Friday, September 5, 2008

Count update

Last night I counted colony B. Out of 273 eggs I have 194 worms. That makes a total of 553 worms from 800 eggs, which is 69%. I lose maybe one worm every other day, but they aren't sick. The dead ones that I find always seem to have had some sort of growth or molting issue. They are small and far behind the others in the colony, or have old shed skins stuck to them that they can't seem to get rid of.

Overall I'm really happy with how they look right now. They are fat, green, and very happy. Since the rearing containers have very good ventilation and I'm cleaning the containers and the room carefully and vigilantly, I seem to have eliminated the sickness issues.

I am concerned about what I'm going to do when they start to spin. When B. mori are ready to spin they turn kind of a translucent color and get sort of bloated and sluggish, so it was easy to watch the colony and separate the spinners from the eaters. These A. pernyi don't seem to change much in appearance. With my last batch the only reason I was able to tell which ones were going to spin is because I could tell that they had done a "gut dump". This is exactly how it sounds - the worm evacuates it's bowels before it spins so that it doesn't have to poop inside the cocoon. Makes sense, huh?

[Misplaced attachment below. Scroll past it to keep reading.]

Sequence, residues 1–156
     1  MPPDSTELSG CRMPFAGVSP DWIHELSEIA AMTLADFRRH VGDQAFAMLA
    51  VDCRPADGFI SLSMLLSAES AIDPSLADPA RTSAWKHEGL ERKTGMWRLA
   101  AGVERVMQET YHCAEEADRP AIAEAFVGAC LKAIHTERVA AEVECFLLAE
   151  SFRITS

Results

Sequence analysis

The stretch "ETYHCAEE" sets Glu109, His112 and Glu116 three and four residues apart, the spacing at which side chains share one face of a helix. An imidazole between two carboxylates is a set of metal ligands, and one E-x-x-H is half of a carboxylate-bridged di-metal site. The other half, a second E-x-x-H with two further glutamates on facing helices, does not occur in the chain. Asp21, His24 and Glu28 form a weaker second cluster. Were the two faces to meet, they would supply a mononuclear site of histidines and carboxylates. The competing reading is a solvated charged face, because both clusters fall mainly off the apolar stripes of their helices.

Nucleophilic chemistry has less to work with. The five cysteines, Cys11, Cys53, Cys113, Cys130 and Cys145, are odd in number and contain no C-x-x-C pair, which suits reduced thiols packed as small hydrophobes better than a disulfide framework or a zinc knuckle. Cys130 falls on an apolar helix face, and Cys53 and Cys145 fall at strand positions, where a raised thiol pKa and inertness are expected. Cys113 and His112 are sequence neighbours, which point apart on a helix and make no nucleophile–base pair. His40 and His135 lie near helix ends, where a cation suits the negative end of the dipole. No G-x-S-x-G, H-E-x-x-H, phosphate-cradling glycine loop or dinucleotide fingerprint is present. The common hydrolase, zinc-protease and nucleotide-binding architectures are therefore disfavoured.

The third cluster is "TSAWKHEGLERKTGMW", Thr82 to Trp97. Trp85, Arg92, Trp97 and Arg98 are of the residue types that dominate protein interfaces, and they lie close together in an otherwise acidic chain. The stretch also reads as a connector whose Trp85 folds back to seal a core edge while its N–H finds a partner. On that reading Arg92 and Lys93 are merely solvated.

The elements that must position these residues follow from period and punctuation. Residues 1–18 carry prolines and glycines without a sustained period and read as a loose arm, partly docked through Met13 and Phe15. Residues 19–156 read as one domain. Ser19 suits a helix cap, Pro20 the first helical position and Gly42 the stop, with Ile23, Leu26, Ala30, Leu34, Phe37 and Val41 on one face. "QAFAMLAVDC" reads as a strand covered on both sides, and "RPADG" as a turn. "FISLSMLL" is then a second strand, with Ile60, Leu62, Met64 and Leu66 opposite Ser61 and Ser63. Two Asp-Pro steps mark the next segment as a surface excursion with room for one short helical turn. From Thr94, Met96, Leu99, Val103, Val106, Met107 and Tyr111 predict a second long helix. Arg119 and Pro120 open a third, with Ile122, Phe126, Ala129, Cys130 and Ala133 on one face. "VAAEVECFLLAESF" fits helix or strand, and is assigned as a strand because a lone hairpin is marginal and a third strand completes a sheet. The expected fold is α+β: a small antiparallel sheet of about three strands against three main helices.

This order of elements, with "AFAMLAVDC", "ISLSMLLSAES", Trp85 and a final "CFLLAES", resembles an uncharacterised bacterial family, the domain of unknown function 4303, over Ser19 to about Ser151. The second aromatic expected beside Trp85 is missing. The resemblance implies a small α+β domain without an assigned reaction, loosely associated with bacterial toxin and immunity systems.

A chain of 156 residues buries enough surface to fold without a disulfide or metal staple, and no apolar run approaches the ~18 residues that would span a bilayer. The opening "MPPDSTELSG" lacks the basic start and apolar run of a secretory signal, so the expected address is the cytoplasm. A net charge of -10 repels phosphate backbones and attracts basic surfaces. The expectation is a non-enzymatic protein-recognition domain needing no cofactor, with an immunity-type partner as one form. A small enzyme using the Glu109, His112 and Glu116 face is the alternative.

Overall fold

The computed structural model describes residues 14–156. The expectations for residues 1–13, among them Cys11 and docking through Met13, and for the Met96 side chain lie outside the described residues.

Anyway, it's important not to disturb the spinning worms. They can take a few days to complete the cocoon and if disturbed during the process they can stop spinning and never resume. They will still pupate and develop, just without spinning a complete cocoon. Since I'm after the silk I really don't want incomplete cocoons. Once some of the worms start to spin in one colony I'm going to have to figure out how I can clean the container without bothering the spinners. With my last few worms it was easy to separate them. This time it's going to be impossible.

If I can't clean as thoroughly as I'd like I'll need to lower the temperature and increase the airflow to try and lower my chances for disease. That's the best plan I have so far. I guess I'll have to just see how it goes. In ancient China these worms were raised outside on trees. I can see how that would be much easier to deal with. All the poop just falls to the ground, they find their own food, and they can spin in the leaves when they are ready. Of course they would also have to hope birds don't come by and have a snack. I'm sure those nice fat green worms would make a nice meal.

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